Ultimately what I hope to offer here is something interesting and entertaining enough to watch during hobby time at least.  Something that can be found for free on YouTube and played on your computer or similar gadget sitting by your hobby area.  Unfortunately these posts are also limited in choice and quality by what I can find on YouTube, which also includes putting up with subtitles from time to time.

As always, I hope you enjoy the movie!


Bonus Links:

Waterloo Trailer

Waterloo Soundtrack Suite

Waterloo Documentary


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18 comments:

  1. Ah Waterloo. I have vague memories of seeing it as a somewhat younger than I am now adolescent.

    I've often toyed with the idea of hiring out the local cinema and having them screen Waterloo for a few friends and myself.

    Salute
    von Peter himself

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    1. Time to watch it again old chap!

      I'd love to see that 4 hour version, the Prussians need more screen time! :-)

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  2. Do you know, I'm not sure that I've seen this and certainly not all the way through - something that needs to be rectified.

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  3. Great movie that I've only managed to watch a handful of times. Thanks for posting the link. The last time I watched it on a borrowed DVD, I recall replaying the scene when the Highlanders mustered out of the town. I wanted to see the details of the uniforms. ;) Best, Dean

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    1. Other than this link, I still only have my VCR copy. I'm holding out for the DVD release of the four hour version... Ha!

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  4. This was great film for me. No CGI, just thousands of soldiers storming a field with cannons and cavalry. Definitely a good show.

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    1. Definitely. Although there's a few ACW big battle movies out there, unfortunately there's even fewer Napoleonic ones. Don't know if I'd like this movie done with today's tech or not.

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  5. Never have heard of it . Thanks for sharing will have to check it out - Tail End Charlie

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    1. You're welcome! Definitely worth your time even if not someone's favorite historical era. Gets better the more times I watch it. Maybe that's because I'm more used to it. :-)

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  6. Great movie. An Dino de Laurentiis...the movie can´t lie in this. I see we have the same thoughts about it.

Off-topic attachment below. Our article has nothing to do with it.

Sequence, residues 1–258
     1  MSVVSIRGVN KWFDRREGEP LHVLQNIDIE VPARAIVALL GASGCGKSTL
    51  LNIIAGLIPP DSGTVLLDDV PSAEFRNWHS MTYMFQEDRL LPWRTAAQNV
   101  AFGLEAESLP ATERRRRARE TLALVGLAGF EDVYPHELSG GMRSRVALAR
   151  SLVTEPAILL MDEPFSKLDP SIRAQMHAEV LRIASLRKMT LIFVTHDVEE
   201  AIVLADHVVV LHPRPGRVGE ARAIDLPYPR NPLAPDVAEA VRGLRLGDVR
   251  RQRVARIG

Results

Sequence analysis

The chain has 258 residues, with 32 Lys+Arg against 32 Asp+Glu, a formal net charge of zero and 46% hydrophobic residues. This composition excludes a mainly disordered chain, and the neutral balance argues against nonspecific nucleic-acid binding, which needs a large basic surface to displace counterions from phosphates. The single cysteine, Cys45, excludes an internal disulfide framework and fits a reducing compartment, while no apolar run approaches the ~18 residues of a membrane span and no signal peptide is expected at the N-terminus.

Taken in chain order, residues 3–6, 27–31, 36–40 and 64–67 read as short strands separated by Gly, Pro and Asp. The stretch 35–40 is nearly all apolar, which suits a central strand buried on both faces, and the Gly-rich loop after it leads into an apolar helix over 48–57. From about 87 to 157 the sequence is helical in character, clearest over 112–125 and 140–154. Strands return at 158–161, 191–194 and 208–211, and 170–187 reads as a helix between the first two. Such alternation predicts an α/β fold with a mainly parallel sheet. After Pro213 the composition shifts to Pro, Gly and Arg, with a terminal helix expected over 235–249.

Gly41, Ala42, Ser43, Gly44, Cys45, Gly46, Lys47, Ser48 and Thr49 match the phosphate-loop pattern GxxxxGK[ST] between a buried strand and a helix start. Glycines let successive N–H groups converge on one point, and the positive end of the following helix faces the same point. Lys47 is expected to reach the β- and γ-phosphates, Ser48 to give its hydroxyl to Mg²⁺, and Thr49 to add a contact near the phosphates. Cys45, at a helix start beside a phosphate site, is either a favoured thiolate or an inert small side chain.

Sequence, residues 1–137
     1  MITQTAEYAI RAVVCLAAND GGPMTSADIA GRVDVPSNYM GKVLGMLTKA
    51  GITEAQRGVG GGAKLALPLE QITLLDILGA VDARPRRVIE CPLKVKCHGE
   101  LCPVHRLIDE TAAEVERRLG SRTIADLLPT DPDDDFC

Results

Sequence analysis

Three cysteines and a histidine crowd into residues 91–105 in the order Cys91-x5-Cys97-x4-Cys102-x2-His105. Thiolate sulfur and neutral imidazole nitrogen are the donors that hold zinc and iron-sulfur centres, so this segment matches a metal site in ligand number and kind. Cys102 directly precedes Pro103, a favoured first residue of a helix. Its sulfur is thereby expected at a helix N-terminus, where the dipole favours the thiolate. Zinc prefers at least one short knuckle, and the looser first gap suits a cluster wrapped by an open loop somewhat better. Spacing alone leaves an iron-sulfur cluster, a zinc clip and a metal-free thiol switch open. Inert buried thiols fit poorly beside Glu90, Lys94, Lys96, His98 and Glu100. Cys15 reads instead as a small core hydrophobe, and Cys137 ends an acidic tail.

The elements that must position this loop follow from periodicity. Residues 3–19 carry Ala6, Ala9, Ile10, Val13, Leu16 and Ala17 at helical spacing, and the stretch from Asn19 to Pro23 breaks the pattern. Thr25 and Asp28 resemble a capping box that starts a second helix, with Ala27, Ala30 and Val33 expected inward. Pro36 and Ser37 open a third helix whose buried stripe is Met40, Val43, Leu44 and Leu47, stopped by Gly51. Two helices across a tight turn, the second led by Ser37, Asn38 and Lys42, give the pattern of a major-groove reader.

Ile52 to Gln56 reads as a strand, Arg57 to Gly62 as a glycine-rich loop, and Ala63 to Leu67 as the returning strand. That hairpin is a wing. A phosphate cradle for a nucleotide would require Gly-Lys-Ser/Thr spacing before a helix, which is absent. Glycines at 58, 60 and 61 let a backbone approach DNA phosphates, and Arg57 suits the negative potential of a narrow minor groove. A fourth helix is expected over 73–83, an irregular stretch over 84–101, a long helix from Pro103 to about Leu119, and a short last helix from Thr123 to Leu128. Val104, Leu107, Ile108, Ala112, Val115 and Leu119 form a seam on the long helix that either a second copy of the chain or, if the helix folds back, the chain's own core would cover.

Great Memo about this wonderful and colourful movie.

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    1. Thank you! I've been wanting to do a feature post on the movie Waterloo for about two years now. It is definitely the inspiration for starting my "War Moive Wednesday" posts, and then things lined up perfectly for June 18th! :-)

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  7. It's a great movie indeed! Watched it far more times than I dare confess. Excellent for adding a bit of motivation into painting.

    Too bad you don't see too many films like this. Really having the 15000 soldiers on the field does add a sense of realism to the battle scenes. Must be the power of readily available conscripts that can be put to work on pretty much anything you want :)

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    1. Yep, they literately moved the earth to make this movie. Don't know how many times I've watched this, but it's great to watch for the battle scenes or just to have on in the background because of all the great quotes!

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  8. This is one of my favorites! Got bagged at the time by the media as I recall but loved those scenes of massed troops moving about!!

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    1. To be fair, it does drag a bit here and there, but once it gets going it really does shine.

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  9. Those were the days!

    Really loved the trivia bits... i can only imagine Rod Steiger getting angry at the film running out!

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    1. Yeah, as much as I would of enjoyed seeing what else he put into that emotional speech, seeing him go off afterwards would be priceless. :-)